To write white means to be a parrot of white supremacy. Instead, I prefer to write with soul.

Now, most black writers who function at the mainstream level to demonstrate mastery of oppressive grammar rules. This mastery though makes writing conventionally good-but it is not enough to make any writing great. Great writing is done from the soul. Great writing is an espousal of past and present, of body and mind, of feeling and sight. 

The superficial criticism of black writers for failing to adhere to the oppressive standards of grammar and mechanics, ironically marks outstanding writing. The writing made these scorned feel an emotion that they perceive as incongruent to the climate of white supremacy. Yet instead of investigating these feelings, they clutch the ways of white supremacy and cast the same denigration they experience daily onto their kinfolk. 

In “Da State of Pidgin Address”, Lee A. Tonouchi, makes a bold declaration of pride in his regional and ethnic tonouchidialect, pidgin. His essay articulates  a non-negotiable espousal to pidgin, as pidgin represents everything the academy wants to pull out of him. Most resonantly, is perhaps his proclamation of writing letters of recommendations in this language. Now Tonouchi is not a black man, and his arguments are hardly unique. Plenty of black men and women have also refused to code-switch, but have not been granted the prestige and agility Tonouchi, as a non-black person of color, receives by default. As a non-black person of color, the choice to speak in a language other than English is in fact a privilege. The decision to speak in this language is seen as a choice, not an ability to acquire or perfect the language. Ethnic whites and non-black persons of color are never as ridiculed or undermined for their use of English language as black people. In America, no black person’s use of the English language is ever enough. Even those demonstrating an unprecedented mastery of a coerced language with a severed tongue, are demeaned and treated as language degenerates.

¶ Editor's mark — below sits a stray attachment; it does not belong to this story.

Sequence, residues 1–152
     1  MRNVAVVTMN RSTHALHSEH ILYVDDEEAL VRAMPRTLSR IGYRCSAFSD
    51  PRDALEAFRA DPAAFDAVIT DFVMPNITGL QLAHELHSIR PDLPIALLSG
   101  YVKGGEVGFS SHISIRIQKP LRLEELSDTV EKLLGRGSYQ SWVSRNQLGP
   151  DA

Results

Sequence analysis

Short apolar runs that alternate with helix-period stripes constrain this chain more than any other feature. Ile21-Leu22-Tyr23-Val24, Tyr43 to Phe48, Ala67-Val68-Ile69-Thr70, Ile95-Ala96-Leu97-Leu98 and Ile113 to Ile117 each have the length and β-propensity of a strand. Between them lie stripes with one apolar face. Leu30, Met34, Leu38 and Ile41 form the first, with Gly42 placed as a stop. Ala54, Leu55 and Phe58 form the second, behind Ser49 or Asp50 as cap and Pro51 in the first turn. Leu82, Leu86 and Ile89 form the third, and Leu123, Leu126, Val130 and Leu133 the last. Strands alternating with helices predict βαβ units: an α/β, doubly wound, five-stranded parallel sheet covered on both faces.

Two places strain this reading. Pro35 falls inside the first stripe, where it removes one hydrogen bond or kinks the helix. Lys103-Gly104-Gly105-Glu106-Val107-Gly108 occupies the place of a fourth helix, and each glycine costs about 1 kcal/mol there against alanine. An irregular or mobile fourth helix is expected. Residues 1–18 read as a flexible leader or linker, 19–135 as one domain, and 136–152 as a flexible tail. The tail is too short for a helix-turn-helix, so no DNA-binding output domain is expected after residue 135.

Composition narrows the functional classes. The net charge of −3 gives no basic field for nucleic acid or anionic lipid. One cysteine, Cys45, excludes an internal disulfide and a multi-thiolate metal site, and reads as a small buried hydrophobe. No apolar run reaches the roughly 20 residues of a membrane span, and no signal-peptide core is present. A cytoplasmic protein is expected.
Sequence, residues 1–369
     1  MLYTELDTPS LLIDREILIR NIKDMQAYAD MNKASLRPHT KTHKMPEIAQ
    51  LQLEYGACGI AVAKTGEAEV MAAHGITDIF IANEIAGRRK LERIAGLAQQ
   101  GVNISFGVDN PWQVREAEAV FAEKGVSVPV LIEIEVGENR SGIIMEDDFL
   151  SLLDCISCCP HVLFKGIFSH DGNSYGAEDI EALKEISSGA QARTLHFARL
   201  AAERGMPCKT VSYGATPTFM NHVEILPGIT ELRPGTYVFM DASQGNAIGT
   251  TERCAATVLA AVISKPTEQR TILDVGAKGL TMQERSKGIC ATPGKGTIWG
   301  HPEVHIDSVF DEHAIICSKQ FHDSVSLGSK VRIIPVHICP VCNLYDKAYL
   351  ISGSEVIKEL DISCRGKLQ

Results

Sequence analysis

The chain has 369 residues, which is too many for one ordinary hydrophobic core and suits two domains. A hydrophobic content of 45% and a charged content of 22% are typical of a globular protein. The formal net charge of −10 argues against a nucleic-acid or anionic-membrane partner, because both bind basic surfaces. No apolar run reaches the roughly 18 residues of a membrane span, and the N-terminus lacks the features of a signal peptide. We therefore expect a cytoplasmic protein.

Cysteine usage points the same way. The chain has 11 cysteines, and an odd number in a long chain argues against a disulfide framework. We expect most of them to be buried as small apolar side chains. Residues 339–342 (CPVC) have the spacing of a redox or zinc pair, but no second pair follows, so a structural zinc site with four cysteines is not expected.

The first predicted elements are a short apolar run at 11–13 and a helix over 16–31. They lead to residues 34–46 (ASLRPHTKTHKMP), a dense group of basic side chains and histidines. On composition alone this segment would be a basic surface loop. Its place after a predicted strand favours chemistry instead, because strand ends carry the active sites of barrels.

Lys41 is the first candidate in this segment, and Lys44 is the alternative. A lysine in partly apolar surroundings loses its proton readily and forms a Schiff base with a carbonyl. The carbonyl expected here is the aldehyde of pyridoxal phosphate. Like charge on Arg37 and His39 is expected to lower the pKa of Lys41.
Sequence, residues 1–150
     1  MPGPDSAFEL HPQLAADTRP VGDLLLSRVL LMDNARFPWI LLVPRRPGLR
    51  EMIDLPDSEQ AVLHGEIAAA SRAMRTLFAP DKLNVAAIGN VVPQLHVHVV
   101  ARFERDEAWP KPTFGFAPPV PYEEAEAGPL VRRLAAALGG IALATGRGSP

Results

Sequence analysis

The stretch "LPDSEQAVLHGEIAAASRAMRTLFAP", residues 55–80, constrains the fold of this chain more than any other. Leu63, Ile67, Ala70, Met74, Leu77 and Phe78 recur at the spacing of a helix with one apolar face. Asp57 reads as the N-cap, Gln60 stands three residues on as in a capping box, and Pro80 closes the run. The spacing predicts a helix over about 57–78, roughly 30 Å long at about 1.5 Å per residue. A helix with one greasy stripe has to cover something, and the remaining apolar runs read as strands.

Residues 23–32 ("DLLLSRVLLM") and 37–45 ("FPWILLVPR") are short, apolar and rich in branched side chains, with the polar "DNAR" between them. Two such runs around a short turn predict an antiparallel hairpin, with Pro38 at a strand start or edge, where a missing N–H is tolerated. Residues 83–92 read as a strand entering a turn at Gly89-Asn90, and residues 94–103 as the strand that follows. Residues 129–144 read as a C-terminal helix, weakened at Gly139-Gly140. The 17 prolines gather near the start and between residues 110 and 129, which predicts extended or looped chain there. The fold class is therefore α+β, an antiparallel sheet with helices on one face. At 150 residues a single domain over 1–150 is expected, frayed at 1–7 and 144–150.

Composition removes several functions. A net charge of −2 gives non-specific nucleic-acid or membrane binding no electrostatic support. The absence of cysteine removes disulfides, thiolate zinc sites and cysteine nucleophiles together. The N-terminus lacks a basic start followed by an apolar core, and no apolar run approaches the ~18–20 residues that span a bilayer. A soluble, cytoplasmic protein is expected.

In Closing…

I have no interest in mastering my oppressors language, and have no interest in inspiring others to do so. For too long, my use of the English language has functioned as a weapon against my personhood. This of course is two fold. On one hand, this language symbolized a an tongue cut and draped like a flag over African identity. On the other hand, this language has consistently functioned to personify my alignment with beasts, and general ineptitude. Moreso, playing into these beliefs allows the English language to foment my individual and collective dehumanization.

I am posting this piece because it is something I wish I would have read a decade ago, when the dreams of an undergraduate girl were uprooted by the university. So for the black boy, girl, man or woman who has felt the sting of superficial criticism—keep writing. 

Black Power ❤

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3 Comments

  1. I know exactly where you’re coming from. I’ve written a short story in Bahamian dialect. Self publishing has become a nightmare due to grammar issues and I don’t want to write “white” because a lot, if not all, of the meaning of the story will be lost.